It’s with heavy hearts that we announce that Dorian “Doc” Paskowitz has passed away. He’d spent the last days of his life surrounded by his family and friends, and with support pouring in from around the world through social media channels. The Texas-born, Stanford-educated physician leaves behind an indelible mark on surf culture. He helped introduce surfing to Israel, founded the Paskowitz Surf Camp—one of the world’s best-known surf schools, and became a kind of surf fitness sage, riding waves well into his 90s, and penning dozens of health columns for SURFER in the ’70s. The American public at large was introduced to Doc in the 2007 film “Surfwise,” which chronicled the eclectic Paskowitz clan’s time spent living and surfing together out of a van. It was an instant classic.

Doc was one of surfing’s most beloved characters of the 20th century. Below, Matt Warshaw offers his tribute.

Once a year, give or take, Dorian Paskowitz would call me. Out of the blue, no agenda, just checking in. We met when I was the editor at SURFER, and talked a few times in my office there, but why he kept calling after I left the magazine I never really knew. Might have had something to do with me being Jewish—hardly, barely, totally non-practicing, but still. Maybe because I do old-guy banter pretty well for a kid born in 1960. He knew I was writing surf history, and that might have had something to do with it. Dorian was a consummate politician. A couple tiny tweaks in his DNA, and he could have been America’s first Jewish president.

Anyway, we’d spend a half-hour or so on the phone, catching up, flattering each other. He’d casually drop a word or two of wisdom, along with a lot of F-bombs—the man worked blue. I’d hang up feeling absolutely buzzed, such was Dorian’s charisma and warmth. Who knows, maybe he was flipping through the Rolodex and I was merely call No. 15 for the day. But it never felt that way. It felt like I was the person he’d been looking forward to talking to all week. The thought that I’ll never get another one of those calls is a brick in my chest right now.

The quotes below don’t really do him justice. It was so much better to hear the words, or variations of them, in Dorian’s own voice. But this is what we’ve got now, this is what’s left, and it’s fine. It’s more than fine.

Dos lebn iz nit mer vi a kholem—ober ver mikh nit oyf.

Aloha Doc.


"My name is Dorian Paskowitz. I'm one of the few dumb Jewish doctors you will ever meet."


"The years between 1950 and 1956 saw one professional success after another for me, but in actual fact these were the worst years of my life. I deserted surfing and in its place I substituted ambition. It didn't work. My spirit shrank until there was nothing left. You see, when I kept surfing, surfing kept me."

"After my 18th birthday, life began to get complicated. Fun became a calculation, rather than just plain instinct. Ambition and selfishness helped kill fun. Eventually, I looked on fun as not just wasteful, but downright wrong. I was saddled with that delusion for 18 years. If there is no fun, there is no health. God loves happy people.”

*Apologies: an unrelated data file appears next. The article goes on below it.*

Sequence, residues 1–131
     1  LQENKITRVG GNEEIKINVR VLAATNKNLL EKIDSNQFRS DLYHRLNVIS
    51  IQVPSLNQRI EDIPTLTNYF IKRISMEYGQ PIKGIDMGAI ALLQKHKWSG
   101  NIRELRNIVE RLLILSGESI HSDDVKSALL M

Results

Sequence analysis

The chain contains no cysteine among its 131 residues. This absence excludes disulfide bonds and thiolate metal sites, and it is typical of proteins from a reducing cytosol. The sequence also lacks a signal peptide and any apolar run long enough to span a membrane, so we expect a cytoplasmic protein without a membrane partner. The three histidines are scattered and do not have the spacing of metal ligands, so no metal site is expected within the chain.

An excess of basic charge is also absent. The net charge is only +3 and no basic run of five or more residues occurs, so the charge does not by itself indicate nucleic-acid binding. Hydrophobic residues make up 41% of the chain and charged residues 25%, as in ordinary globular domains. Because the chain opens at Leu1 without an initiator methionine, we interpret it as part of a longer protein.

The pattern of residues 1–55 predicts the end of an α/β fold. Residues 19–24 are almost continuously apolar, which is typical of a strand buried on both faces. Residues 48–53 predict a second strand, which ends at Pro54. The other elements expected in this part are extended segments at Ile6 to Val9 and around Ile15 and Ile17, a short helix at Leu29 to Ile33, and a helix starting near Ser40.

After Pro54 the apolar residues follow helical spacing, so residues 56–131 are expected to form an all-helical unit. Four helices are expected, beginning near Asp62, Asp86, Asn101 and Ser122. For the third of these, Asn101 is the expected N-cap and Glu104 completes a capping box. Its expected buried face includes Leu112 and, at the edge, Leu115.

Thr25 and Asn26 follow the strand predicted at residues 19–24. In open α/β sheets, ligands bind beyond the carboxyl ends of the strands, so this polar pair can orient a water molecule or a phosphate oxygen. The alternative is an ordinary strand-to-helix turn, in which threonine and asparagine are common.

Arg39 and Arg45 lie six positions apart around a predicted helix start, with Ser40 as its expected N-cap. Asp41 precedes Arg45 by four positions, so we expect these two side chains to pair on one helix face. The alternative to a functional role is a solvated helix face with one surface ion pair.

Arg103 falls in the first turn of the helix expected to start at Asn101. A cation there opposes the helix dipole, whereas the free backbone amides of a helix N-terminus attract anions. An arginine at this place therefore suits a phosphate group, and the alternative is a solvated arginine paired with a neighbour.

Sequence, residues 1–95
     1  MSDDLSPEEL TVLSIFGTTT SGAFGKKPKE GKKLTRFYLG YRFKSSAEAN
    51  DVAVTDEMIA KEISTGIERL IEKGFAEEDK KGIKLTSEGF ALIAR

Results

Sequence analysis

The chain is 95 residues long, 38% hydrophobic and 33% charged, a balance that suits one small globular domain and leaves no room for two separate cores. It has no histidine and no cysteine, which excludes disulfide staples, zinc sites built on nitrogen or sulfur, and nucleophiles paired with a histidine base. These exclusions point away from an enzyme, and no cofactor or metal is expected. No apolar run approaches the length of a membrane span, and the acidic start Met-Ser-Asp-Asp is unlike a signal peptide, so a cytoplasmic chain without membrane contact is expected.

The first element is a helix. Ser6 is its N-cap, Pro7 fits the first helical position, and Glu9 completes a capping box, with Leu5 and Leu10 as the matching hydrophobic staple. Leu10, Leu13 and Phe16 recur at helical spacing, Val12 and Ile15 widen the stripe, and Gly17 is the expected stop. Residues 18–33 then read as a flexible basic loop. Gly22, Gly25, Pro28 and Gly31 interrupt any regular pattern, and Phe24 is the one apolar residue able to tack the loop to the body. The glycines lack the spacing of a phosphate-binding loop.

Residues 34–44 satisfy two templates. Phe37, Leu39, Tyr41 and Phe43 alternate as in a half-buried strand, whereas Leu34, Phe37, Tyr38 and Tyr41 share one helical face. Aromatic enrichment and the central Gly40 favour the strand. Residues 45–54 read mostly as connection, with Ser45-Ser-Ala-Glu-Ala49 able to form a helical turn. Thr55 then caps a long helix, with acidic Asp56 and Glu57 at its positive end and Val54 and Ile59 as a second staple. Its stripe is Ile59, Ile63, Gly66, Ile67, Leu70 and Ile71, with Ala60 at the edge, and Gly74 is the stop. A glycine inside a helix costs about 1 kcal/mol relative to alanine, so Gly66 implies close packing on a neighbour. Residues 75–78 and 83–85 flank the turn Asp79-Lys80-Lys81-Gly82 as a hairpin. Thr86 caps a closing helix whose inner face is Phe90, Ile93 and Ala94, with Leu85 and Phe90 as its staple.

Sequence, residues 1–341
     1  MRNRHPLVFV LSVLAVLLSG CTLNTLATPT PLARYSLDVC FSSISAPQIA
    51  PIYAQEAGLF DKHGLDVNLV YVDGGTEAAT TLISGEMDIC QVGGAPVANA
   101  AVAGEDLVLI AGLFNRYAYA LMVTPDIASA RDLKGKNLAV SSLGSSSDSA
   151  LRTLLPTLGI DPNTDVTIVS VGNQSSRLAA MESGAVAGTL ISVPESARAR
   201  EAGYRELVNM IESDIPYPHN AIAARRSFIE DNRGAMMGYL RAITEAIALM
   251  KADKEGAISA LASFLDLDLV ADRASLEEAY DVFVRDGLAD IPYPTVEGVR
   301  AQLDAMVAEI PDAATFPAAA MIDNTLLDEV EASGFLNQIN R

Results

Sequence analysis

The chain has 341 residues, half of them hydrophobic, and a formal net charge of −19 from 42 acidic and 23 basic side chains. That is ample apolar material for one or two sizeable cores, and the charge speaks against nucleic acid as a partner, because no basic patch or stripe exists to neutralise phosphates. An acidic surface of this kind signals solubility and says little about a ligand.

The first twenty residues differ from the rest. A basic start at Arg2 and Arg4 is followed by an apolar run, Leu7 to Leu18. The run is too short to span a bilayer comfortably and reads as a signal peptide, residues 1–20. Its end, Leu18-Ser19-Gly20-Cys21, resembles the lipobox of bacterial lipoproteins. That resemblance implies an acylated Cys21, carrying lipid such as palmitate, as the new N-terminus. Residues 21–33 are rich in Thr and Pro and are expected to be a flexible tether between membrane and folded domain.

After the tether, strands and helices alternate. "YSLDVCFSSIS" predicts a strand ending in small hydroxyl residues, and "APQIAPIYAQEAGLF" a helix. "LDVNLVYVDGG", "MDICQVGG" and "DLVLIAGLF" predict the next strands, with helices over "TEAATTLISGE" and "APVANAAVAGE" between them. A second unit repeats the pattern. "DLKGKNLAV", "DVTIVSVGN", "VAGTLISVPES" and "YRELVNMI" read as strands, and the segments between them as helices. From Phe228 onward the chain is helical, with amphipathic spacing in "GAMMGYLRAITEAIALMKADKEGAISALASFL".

"Love makes the world go 'round. But fucking makes love go 'round."

"Sex is the only thing in life that's as much fun as surfing. So, like surfing, it deserves the very best you can give it."


"Health is survival . . . but survival with style and class."

"How productive I am, how creative I am, how sociable I am, how sexy I am—all of these things improve about 25% when I go from 154 pounds to 148 pounds."

"Most people think of Spirit as that quality within us which descends from on high. That's not my definition. Sprite to me is the body's supreme creation, a complete ableness, which comes from being healthy. Health begets Spirit."


"If I had my life to do over again—having nine kids, marrying a woman taller than me, not sending my children to school, all of us living in a camper as a nomadic band—there is one thing I'd do differently. Only one. I would have preached and practiced a more powerful, more contagious, more communicable form of social consciousness."

"Fear draws a line across some men's lives, beyond which they will not or cannot go. I am one of those men. But I have had such happiness within the limits of where I can walk bravely, that I say to others like me, 'Accept yourself for what you can do. Don't dwell on your limits.'"


"A month ago [Summer, 2010] I paddled out at Waikiki. I can't see anymore, so I get around out there by listening to the waves crash, the people laughing and having fun, and by feeling the ocean move beneath me."


"Death is not a stalker, always looking for us. Death is a scorekeeper tallying up how much we love life and how much we are willing to work for it. We die when we stop living."

"It’s easier to die when you have lived, then it is to die when you haven’t. So I say to all young people, go make memories; beautiful memories. Because when the time comes to go, you won’t go alone.”